Singaporean Mandy Chan became her own boss to have full autonomy over her life at age 19. Today, the 24-year-old entrepreneur behind a lifestyle brand is valued at around $2.5 million Singaporean dollars ($1.8 million).
Breaking the mold: A few years ago, Chan used her gap year to fulfill a longtime dream of running a business instead of pursuing a university degree, according to Zula.
A new entertainment studio that focuses on authentic martial arts culture has unveiled their first comic book series: “The Adept”.
“The Adept” is an original story from entrepreneur, producer and activist Peter Shiao, written by Tasha Huo and Charlie Stickney with art done by Yishan Li.
Galina Lang has worked for three years as a part-time boba barista while studying marketing at a Bay Area university when she began to notice the mounds of plastic cups and straws piling up every day.
“More than 60,000,000 plastic boba cups are estimated to end up in the ocean on an annual basis until 2023,” she told NextShark. While so many of us drink boba regularly without a second thought, our addiction could also have terrible implications for the environment.
Has this ever happened to you? You’re just living life, minding your own business, when –suddenly — you remember you haven’t finished your Christmas shopping!
And it’s never for that one person who is easy to shop for, either; it’s always that one who has everything, so you never know what to give them except your continued friendship or something.
Like a real-life Pepper Zhang, Angel Halo Chang celebrates her eccentricity. As a child, she preferred playing with a large cardboard box instead of dolls, collected cartoon lunch tins to use as purses, brought jump rope to play double dutch during the last month before high school graduation, and was even crowned Miss Congeniality in Miss Asian America Pageant 2009. Her imagination is as limitless as her ability to find inspiration in the everyday – which, perhaps not surprisingly, made her perfectly suited to write children’s books.
“I like books with pictures, so I made my own,” Chang says. “I’ve always thought of myself as a creative person, but I lacked formal skills training. So when I didn’t fit the qualifications for a creative job, I made my own role: Head of Storytelling.”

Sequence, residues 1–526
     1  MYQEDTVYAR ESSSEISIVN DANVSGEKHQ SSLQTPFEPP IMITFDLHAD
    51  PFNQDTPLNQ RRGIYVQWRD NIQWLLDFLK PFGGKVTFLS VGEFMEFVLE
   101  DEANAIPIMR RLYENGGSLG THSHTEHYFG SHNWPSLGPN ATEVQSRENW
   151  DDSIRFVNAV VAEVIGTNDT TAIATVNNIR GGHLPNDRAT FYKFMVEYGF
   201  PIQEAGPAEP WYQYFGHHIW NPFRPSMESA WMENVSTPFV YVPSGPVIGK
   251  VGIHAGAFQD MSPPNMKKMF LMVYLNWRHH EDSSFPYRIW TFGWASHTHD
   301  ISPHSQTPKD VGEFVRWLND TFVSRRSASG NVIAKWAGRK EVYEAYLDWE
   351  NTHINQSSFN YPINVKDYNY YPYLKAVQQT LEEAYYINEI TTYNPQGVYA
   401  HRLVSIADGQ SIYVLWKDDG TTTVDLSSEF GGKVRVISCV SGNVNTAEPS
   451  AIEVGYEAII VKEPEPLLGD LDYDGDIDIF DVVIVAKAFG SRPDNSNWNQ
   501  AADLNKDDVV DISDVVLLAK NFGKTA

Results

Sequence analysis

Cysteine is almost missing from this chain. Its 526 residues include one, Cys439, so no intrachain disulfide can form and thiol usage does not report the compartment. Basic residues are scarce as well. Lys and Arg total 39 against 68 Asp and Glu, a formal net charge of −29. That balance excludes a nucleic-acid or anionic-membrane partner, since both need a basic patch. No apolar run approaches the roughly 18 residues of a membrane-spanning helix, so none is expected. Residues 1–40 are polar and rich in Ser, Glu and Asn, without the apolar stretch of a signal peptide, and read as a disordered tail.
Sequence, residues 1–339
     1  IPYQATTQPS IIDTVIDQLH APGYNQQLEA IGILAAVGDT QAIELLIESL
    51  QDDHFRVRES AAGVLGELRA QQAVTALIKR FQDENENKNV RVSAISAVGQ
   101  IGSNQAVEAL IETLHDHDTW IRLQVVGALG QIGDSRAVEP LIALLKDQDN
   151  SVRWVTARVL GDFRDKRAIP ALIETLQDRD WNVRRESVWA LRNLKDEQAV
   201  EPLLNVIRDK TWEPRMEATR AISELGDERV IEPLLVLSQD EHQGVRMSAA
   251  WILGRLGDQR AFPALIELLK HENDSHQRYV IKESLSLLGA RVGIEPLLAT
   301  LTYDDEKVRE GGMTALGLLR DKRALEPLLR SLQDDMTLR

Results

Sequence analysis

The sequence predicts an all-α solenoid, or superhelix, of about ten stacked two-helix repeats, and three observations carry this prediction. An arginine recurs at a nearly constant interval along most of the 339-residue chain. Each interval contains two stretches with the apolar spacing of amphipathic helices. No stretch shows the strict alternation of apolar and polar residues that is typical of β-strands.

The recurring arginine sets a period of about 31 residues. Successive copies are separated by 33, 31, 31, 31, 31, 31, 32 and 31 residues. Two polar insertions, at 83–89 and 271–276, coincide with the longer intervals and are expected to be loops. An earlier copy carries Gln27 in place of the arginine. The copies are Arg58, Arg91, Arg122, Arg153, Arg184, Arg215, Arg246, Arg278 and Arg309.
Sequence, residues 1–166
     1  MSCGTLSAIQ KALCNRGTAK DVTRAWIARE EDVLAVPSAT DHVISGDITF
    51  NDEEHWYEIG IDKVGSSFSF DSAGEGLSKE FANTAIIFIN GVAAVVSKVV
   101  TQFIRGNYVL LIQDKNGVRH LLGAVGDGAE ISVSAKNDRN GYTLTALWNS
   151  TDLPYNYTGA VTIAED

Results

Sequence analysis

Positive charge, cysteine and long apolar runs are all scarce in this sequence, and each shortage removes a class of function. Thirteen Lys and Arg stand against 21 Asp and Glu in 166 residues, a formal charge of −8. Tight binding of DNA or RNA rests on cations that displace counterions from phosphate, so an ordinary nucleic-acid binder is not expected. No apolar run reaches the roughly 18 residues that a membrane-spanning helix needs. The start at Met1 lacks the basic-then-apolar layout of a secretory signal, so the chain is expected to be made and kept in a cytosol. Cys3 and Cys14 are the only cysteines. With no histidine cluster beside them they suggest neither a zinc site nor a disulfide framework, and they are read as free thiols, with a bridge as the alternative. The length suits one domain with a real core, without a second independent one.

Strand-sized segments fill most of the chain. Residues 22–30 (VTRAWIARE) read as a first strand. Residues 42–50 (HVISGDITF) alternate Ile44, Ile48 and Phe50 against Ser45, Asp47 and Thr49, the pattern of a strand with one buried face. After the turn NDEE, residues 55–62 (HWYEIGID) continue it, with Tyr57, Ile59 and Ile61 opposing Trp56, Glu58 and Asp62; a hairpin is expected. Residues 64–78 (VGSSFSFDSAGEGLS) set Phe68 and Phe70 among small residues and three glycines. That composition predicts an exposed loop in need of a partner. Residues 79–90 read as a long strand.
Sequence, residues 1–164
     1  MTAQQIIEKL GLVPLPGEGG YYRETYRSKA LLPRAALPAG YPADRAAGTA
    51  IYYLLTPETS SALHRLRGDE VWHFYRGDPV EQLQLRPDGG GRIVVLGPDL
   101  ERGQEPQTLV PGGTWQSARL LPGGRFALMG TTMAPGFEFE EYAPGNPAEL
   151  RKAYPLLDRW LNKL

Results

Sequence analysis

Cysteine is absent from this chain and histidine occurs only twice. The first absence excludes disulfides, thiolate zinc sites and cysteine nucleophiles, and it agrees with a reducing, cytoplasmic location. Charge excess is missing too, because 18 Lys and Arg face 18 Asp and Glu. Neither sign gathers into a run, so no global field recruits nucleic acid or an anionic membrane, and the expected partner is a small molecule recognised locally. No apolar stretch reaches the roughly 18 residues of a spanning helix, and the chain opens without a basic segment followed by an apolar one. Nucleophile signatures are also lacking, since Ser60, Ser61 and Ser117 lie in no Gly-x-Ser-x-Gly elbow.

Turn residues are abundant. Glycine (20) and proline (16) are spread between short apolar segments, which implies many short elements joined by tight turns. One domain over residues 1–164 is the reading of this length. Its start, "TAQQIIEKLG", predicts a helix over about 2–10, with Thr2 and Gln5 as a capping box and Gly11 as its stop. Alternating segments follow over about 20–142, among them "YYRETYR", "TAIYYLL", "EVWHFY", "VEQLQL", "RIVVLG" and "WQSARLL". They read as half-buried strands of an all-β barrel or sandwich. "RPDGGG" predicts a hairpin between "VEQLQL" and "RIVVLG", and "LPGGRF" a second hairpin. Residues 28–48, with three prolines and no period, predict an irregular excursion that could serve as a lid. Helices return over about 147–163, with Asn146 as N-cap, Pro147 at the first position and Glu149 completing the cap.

It’s hard to be a dad, especially when your own daughter wants to be someone else.
Meet Jerry Zhang. Lawyer and father to daughters Madison and Everly. It was eldest, Madison, who broke his heart one day when she said, “I don’t want to be Chinese.”
A new startup has found a solution for women with smaller breasts who struggle to find the perfect bra to fit them.
Pepper, a new bra company, may finally put an end to the online hunt for specialty bra stores and the occasional wearing of children’s training bras.
LyfieEye is a unique camera that can take spherical 360-degree photos and videos using Android smartphones.
“By tapping your smartphone’s existing capabilities like display, battery and external connectivity we’ve eliminated redundant features (and unnecessary cost) for our users,” founders of LyfieEye explained on its Kickstarter fundraising page.
Bora Kim, an “interdisciplinary artist and sociologist from Seoul, Korea,” is attempting the impossible: to get her non-Korean boy band creation to break into K-pop stardom in Korea.
The Columbia University graduate student signed up 6 talented young men who went through an audition and selection process that she and her associates, Karin Kuroda and Samantha Shao, have prepared.
A Canada-based tech startup is unleashing a unique way to wirelessly charge mobile devices: by making them float in the air while filling up the battery.
The company, AR Designs, has developed a concept that fuses two capabilities of electromagnets (levitation and charging) into one futuristic tool that looks undeniably cool.
When parents photograph their children they usually strive to make their kids look as angelic as possible in a beautiful place set among the clouds or a field of flowers. That was not what photographer dad Joshua Hoffine was going for in his pictures at all.
With all the computer coding and phone texting people do these days it’s easy to see why our grandparents were so nitpicky about having good posture.